to Chi­nese school as a child to take classes to pro­mote flu­ency in Mandarin, per­haps even join­ing the Chi­nese dance team or Chi­nese yo- yo team as well. With­out a doubt, ev­ery sin­gle ABC that I know has a hand­ful of hi­lar­i­ous me­mories re­gard­ing their dis­like for Chi­nese school. My own sto­ries in­volve se­cretly trad­ing cook­ies with other stu­dents while whis­per­ing in English in se­crecy al­most equiv­a­lent to un­der­ground trad­ing; this was a sure­fire way to be put in time- out and earn a long- winded phone call to the par­ents.

My room­mate once ran away from Chi­nese school by hiding in her mom’s car, spark­ing a city­wide search for her. She sim­ply rolled around in the trunk as her par­ents drove around town, search­ing fran­ti­cally for their miss­ing daugh­ter, who hid silently be­cause she did not want to at­tend Chi­nese class.

There were many nice teach­ers, but there were also strict teach­ers who scared stu­dents by say­ing that their ca­reers would be at their lo­cal McDon­ald’s if they could not speak Mandarin prop­erly. How­ever, the two things that al­most ev­ery ABC re­mem­bers are the awe­some snacks ( Amer­i­can junk food), and the friends that they made.

I be­lieve that a true bond of friend­ship is made when peo­ple suf­fer to­gether, and Chi­nese school is a prime ex­am­ple. Not only was it dif­fi­cult and stress­ful, it felt more tax­ing than our ac­tual school classes. The friend­ships formed made the hours of studying and stress worth it. These friends were easy to make be­cause they were all ABCs as well, and had sim­i­lar strug­gles in com­mu­ni­ca­tion and learn­ing.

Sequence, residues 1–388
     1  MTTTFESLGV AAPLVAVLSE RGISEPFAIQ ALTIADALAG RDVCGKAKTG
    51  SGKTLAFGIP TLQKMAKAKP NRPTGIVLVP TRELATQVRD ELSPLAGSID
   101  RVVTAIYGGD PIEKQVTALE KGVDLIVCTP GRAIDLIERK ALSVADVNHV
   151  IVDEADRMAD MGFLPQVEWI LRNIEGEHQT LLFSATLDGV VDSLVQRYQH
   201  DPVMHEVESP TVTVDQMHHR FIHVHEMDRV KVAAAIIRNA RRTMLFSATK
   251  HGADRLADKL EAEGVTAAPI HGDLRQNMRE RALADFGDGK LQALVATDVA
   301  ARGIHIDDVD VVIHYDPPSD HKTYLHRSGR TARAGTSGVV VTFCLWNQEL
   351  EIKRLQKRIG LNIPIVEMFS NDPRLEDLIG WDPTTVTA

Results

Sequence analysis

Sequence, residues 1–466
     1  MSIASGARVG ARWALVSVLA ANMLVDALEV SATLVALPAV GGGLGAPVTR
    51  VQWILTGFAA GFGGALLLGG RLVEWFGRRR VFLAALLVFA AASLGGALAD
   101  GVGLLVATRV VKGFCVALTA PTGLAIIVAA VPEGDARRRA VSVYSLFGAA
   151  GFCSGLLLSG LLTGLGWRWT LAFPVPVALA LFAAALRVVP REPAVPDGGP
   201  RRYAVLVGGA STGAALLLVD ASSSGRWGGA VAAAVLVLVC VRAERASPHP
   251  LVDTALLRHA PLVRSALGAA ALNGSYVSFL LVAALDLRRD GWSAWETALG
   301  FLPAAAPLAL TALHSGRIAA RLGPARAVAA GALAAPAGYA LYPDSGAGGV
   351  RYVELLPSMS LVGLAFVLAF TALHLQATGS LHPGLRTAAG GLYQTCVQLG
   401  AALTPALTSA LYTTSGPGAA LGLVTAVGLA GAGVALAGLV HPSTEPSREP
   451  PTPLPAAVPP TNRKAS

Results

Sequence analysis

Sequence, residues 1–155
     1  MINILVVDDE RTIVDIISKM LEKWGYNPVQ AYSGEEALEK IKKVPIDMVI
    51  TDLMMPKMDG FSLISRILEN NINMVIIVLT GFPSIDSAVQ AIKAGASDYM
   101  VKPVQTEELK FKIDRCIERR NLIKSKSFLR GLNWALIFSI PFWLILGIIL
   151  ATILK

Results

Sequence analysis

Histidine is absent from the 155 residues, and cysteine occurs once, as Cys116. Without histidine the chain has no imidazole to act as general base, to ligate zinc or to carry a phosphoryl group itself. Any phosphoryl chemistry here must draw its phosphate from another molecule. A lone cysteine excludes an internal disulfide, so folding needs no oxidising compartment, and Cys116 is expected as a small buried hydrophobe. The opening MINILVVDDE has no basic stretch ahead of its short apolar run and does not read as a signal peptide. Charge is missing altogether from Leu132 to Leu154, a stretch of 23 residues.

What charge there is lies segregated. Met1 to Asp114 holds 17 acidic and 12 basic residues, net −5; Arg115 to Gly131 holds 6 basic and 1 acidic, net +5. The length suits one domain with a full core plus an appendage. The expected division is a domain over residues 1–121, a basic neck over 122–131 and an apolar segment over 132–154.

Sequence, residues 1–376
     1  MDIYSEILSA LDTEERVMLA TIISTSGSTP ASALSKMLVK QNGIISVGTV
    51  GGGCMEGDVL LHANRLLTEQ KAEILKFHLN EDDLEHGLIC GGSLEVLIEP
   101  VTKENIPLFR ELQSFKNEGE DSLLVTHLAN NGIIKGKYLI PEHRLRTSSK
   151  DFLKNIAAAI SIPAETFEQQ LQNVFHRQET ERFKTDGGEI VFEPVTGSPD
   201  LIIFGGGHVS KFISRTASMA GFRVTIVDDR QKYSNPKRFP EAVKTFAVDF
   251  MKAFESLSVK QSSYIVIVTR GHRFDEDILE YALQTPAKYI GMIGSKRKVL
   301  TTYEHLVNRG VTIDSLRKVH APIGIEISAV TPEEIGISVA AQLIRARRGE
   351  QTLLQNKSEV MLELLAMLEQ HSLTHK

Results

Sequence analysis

Even though we were young, we would study vo­cab­u­lary to­gether, en­cour­age each other as we strug­gled to write in- class es­says, and cel­e­brate when our fi­nal ex­ams were over. There­fore, I en­cour­age peo­ple learn­ing dif­fer­ent lan­guages to make new and sup­port­ive friends to bond with through­out the tri­als, to re­joice with in suc­cess, and to have fun with while learn­ing.

Learn­ing a new lan­guage is dif­fi­cult, but one of the best mo­ments is be­ing able to com­mu­ni­cate with a new per­son. I found that my years of Chi­nese school and at­tempt­ing to speak Mandarin at home paid off when I be­came a camp coun­selor and met some girls from Taipei, who did not speak English. I man­aged to trans­late for them and be­came their friend, even jok­ing around and bond­ing with them over mu­sic and TV shows.

Even though we were from dif­fer­ent places and were dif­fer­ent ages, I saw the uni­ver­sal­ity and power of lan­guage by break­ing the bar­ri­ers be­tween us. While my Mandarin def­i­nitely wasn’t per­fect, and their English wasn’t strong, we man­aged to cre­ate a friend­ship sim­ply by try­ing to com­mu­ni­cate.

If you keep on work­ing hard, and get back up when there are mis­takes, dif­fi­cul­ties, or tri­als in com­mu­ni­ca­tion that you face, one day, you will be able to com­mu­ni­cate with new peo­ple, make con­nec­tions and friend­ships, and change the world. From TheWorldof

English , Jan­uary 2018)

Grace’s Tip of the Day for Learn­ing a New Lan­guage: Watch TV or lis­ten to some mu­sic with trans­la­tion, es­pe­cially some­thing that you en­joy!